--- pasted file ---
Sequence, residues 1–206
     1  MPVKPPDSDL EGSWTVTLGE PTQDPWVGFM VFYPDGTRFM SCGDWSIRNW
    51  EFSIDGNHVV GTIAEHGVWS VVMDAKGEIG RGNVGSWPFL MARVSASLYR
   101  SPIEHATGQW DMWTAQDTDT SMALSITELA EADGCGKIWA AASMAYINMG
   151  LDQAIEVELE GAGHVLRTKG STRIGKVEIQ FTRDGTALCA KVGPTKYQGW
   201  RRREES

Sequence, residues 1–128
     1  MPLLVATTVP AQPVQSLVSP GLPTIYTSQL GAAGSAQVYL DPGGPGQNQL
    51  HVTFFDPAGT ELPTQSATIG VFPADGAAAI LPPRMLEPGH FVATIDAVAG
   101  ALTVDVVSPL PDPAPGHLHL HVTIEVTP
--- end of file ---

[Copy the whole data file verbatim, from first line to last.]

Sequence, residues 1–206
     1  MPVKPPDSDL EGSWTVTLGE PTQDPWVGFM VFYPDGTRFM SCGDWSIRNW
    51  EFSIDGNHVV GTIAEHGVWS VVMDAKGEIG RGNVGSWPFL MARVSASLYR
   101  SPIEHATGQW DMWTAQDTDT SMALSITELA EADGCGKIWA AASMAYINMG
   151  LDQAIEVELE GAGHVLRTKG STRIGKVEIQ FTRDGTALCA KVGPTKYQGW
   201  RRREES

Sequence, residues 1–128
     1  MPLLVATTVP AQPVQSLVSP GLPTIYTSQL GAAGSAQVYL DPGGPGQNQL
    51  HVTFFDPAGT ELPTQSATIG VFPADGAAAI LPPRMLEPGH FVATIDAVAG
   101  ALTVDVVSPL PDPAPGHLHL HVTIEVTP